Apologies for the lack of a post last week, I took an impromptu holiday for St Patrick’s Day!
There is an amazing variety of fruits and vegetables available in Ireland right now and occasionally I get a bit annoyed at myself for not taking more advantage of this new bounty. It is easy to fall in to a trap of knowing what you like and the best ways to prepare that but I want to try new tastes and find new favourites.
I was in a market recently and found myself staring at Kohlrabi and wondering what could be done with this pale green slightly alien looking vegetable with its trailing green leafed stems. Having done a bit of internet research and finding that the flavour was good in coleslaw I decided to try mixing it with some celeriac in a remoulade, at least that way I figured if the flavour wasn’t great it would be mostly disguised by the mustardy mayonnaise dressing. For extra flavour and texture I added a crisp granny smith apple.
Kohlrabi smells like broccoli and has a somewhat similar flavour but the texture is more akin to the watery crispness of watermelon and is nicely refreshing and I can see why it is added raw to summer salads. You can cook the leaves as you would spinach but mine were a bit wilted so to the compost they went, there is a tough outer skin which is easily peeled away.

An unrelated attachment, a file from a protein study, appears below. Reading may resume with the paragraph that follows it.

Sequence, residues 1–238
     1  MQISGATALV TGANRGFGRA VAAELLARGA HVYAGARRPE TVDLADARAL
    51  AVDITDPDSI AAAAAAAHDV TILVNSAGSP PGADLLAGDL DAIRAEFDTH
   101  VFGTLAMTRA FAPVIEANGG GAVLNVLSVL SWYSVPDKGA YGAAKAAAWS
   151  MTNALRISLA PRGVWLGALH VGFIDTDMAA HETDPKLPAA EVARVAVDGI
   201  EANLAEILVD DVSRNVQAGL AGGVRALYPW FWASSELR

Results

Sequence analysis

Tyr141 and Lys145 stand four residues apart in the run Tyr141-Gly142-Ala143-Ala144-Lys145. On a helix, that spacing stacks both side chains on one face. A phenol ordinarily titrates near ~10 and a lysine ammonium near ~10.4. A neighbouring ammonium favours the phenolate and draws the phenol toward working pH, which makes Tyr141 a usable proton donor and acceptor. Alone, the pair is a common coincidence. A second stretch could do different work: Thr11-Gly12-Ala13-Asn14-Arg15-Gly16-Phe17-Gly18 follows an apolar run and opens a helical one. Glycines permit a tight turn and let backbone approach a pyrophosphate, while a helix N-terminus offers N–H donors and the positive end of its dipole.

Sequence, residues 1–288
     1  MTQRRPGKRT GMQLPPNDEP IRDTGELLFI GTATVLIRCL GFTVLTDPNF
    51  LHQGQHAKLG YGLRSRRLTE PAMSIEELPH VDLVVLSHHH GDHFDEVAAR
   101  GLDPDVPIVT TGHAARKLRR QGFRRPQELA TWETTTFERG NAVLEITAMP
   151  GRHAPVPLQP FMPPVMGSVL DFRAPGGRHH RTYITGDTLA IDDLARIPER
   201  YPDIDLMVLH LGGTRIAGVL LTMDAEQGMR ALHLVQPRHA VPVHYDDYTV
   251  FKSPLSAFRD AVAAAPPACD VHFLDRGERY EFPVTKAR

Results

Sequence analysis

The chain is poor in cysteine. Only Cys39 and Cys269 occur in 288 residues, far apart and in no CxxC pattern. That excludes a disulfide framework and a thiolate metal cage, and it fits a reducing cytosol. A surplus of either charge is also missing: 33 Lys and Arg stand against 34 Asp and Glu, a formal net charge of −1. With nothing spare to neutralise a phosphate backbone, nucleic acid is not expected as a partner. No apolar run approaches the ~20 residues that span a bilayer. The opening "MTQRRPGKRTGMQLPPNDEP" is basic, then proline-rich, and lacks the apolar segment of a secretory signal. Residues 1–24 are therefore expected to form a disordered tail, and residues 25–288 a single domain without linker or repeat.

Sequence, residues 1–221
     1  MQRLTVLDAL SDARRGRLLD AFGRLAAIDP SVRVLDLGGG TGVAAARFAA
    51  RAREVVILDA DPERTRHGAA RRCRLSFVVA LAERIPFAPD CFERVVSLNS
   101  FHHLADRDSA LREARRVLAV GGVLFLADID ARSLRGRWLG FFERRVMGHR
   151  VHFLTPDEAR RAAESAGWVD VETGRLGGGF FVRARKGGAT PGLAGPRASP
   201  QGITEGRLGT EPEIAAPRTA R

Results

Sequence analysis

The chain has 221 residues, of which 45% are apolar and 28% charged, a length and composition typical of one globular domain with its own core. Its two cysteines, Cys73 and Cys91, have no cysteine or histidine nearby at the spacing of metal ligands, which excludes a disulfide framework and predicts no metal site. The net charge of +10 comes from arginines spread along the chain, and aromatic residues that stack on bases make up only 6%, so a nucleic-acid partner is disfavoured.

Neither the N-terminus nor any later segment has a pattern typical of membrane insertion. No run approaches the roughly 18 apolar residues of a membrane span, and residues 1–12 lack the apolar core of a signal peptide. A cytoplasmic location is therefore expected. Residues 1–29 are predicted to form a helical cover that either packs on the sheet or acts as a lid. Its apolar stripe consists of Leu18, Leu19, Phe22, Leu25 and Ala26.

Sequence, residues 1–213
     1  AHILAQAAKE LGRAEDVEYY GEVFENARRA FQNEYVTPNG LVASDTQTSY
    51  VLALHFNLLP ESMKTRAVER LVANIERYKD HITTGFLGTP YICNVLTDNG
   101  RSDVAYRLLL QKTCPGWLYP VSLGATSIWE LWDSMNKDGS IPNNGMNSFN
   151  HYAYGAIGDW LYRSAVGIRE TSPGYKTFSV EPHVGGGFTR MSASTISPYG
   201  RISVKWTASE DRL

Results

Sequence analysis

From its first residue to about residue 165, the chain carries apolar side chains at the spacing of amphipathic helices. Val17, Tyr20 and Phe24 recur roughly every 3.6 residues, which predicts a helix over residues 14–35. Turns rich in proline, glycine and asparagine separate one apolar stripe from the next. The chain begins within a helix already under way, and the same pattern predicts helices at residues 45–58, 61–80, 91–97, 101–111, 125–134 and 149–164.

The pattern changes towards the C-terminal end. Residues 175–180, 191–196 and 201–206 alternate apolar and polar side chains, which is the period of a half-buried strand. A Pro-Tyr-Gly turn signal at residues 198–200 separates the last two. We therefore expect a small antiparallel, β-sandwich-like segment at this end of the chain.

This trio of celeriac, apple and kohlrabi worked really well together and the resulting remoulade was a great side to serve with a good thick pan fried pork chop and I think it would be excellent with sausages, black pudding or pulled pork.
½ a celeriac
½ bulb of kohlrabi
1 sharp crisp green apple
1 cup of good mayonnaise , make your own if so inclined
3 – 4 heaped teaspoons of wholegrain Dijon mustard
Juice of one lemon
Salt & Pepper
Peel the kohlrabi and slice thinly, stack the slices and cut in to thin strips, repeat the process with the celeriac and the apple but leave the skin on the apple for a bit of colour.
In a bowl mix together the mayonnaise, mustard and the lemon juice. I like a good punch of heat from my mustard and a sharp dressing so I add a lot of mustard and lemon so here is where you need to start testing the dressing as you are mixing. Start small and then keep adding and tasting until the dressing tastes right to you.
Once you have the ratio of mayo to mustard to lemon correct then add salt and pepper to taste.
Place the thinly sliced vegetables and apple in a bowl and pour over the dressing, mixing until everything is well coated.
This is less a true remoulade than a slaw with a remoulade style dressing but it is crisp, bright, creamy and full of flavour, serve with your meat of choice as a side or tucked in to a hearty sandwich.